Holy Chutzpah

Parashat Va’era 5780

Meir Sendor

As leaders from all over the world converge on Jerusalem this week to commemorate the seventy-fifth anniversary of the liberation of Auschwitz, it’s clear that a large part of the battle between Israel versus the Palestinians, Iranians, and their supporters, is waged as a war of narratives. The Palestinian story is that Israel is the last gasp of European colonialism. The Israel story is that we are an indigenous nation of the Middle East, brutally driven from our homeland, the Land of Israel, by the Romans, mistreated by Christians and Muslims for nearly two millennia culminating the Shoah, and by miracle, courage and great sacrifice returning to our homeland, rebuilding and thriving. This battle of narratives is not merely academic. Political and military actions are driven by our commitment to the stories we tell. Israel is using this gathering of world leaders and its symbolic gestures to convey its viewpoint, while the Palestinians are trying to get equal time from the diplomatic visits. But this war of narratives is not new to us – we have fought these battles from the very beginning of our national identity.

This week’s parashah features the first seven plagues against Egypt, designed to convince Paro and the Egyptians to let the Israelite people go:

And Egypt will know that I am HaShem when I lean My Hand upon Egypt and when I bring out the Children of Israel from their midst (Ex. 7:5).

The plagues are not just blunt instruments intended to bludgeon Egypt into submission. They are intended to convey understanding that the world is directed by God. The first and second plagues don’t have this impact – the magicians of Egypt seem to be able to duplicate them, neutralizing Moshe’s claim that they are intended by God on behalf of Israel. But the magicians give up on the third plague, lice:

The magicians said to Paro ‘It’s the finger of God,’ and the heart of Paro was hardened and he did not listen to them, as God said (Ex. 8:15).

Rabbi Avraham Ibn Ezra and the Malbim suggest that this admission by the magicians is not a full capitulation. They note that the magicians use the generic term for “God,” whereas Paro usually refers specifically to “HaShem” in his disputes with Moshe and Aharon. So these commentators argue that the magicians are interpreting the third plague as caused by God, yes, but not by HaShem Who has a special relationship with the Israelites, and not for the sake of a mission to free the Israelites. Rather, the third plague is just a general phenomenon, very uncomfortable but without meaning, built into nature by a non-specific deity.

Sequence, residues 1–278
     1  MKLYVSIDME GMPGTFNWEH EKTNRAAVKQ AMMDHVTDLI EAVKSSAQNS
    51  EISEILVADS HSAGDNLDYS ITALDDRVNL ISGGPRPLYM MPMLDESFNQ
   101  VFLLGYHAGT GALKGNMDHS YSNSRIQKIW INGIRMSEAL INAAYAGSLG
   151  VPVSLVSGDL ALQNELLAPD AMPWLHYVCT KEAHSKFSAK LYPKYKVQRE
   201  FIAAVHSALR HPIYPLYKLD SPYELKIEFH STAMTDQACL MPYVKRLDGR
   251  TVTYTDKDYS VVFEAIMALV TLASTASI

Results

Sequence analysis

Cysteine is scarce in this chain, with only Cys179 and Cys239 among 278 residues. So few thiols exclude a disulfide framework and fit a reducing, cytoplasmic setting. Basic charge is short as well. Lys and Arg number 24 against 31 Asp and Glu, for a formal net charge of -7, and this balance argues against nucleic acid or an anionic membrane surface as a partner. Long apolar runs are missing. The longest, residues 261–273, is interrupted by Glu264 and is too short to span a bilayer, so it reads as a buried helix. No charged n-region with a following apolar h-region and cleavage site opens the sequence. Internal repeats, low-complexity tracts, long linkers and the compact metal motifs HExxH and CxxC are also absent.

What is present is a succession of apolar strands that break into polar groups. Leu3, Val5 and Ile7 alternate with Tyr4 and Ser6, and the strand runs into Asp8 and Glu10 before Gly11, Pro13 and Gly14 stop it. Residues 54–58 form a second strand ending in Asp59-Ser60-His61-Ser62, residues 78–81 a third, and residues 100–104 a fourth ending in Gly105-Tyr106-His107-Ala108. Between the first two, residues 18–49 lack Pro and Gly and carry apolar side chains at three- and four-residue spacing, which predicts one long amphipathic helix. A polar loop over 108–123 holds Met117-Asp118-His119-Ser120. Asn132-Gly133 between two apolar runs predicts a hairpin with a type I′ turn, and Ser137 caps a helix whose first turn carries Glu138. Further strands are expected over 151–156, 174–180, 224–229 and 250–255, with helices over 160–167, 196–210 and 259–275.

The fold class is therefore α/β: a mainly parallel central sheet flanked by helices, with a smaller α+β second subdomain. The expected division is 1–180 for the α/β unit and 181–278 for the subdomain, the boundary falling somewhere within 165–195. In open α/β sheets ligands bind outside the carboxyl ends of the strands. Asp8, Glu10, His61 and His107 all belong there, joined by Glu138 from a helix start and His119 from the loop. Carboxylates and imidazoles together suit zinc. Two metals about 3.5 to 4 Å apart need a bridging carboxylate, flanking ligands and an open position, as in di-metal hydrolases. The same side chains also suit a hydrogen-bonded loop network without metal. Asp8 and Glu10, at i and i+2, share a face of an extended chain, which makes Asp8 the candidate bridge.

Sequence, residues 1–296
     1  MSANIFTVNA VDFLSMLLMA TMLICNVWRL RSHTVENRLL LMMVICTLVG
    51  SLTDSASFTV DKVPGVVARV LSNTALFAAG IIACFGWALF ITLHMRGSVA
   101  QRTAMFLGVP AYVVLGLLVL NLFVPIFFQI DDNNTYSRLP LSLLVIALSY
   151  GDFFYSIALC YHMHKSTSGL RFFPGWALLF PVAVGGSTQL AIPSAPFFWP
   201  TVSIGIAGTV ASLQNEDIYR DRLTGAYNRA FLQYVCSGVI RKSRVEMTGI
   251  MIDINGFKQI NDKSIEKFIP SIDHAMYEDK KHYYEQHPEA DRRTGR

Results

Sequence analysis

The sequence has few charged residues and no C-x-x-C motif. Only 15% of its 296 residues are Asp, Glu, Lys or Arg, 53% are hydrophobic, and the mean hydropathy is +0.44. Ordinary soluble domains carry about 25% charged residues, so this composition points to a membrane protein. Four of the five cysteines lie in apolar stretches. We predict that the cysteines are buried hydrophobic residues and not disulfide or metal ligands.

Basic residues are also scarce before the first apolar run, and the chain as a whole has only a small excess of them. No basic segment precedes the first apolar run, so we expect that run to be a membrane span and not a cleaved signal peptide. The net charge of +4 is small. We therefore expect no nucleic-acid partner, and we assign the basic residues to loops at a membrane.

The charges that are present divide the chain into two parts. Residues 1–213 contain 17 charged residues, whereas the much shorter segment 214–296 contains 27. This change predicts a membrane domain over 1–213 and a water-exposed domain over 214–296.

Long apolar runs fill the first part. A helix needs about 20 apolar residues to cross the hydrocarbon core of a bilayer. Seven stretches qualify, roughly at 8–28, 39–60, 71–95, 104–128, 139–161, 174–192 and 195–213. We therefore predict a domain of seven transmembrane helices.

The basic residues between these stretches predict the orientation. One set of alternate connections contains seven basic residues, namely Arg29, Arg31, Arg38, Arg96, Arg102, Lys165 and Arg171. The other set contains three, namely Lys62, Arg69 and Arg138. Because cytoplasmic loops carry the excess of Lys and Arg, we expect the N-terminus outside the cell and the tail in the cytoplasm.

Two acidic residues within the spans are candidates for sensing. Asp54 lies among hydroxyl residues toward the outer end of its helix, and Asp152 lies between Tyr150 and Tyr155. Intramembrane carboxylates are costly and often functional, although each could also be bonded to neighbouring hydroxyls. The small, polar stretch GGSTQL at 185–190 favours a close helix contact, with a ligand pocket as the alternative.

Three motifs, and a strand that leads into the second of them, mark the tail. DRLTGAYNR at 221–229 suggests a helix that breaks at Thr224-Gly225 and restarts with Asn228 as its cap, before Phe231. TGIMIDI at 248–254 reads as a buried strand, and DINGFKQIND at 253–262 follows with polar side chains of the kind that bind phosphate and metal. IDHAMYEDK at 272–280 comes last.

The overall point is that the battle between Moshe and Paro, the Israelites and the Egyptians, is largely a battle of narratives. The Egyptians think of themselves as in firm control of the world and the people in it.  All the plagues use natural forces and creatures, though on a magnified scale. This leaves room for the Egyptians to interpret them as extreme but still natural, not shaking their world-view and having no bearing on the cause of the Israelites. Moshe presents the plagues as meaningful: they are direct expressions of HaShem’s anger at Egypt for keeping the Israelites in brutal slavery, and intended to convince the Egyptians to let the people go. The plagues escalate in intensity and specificity, to the point that it becomes clear that they really are intended by HaShem on behalf of Israel: the truth of the Israelite narrative breaks through the Egyptian story of the world.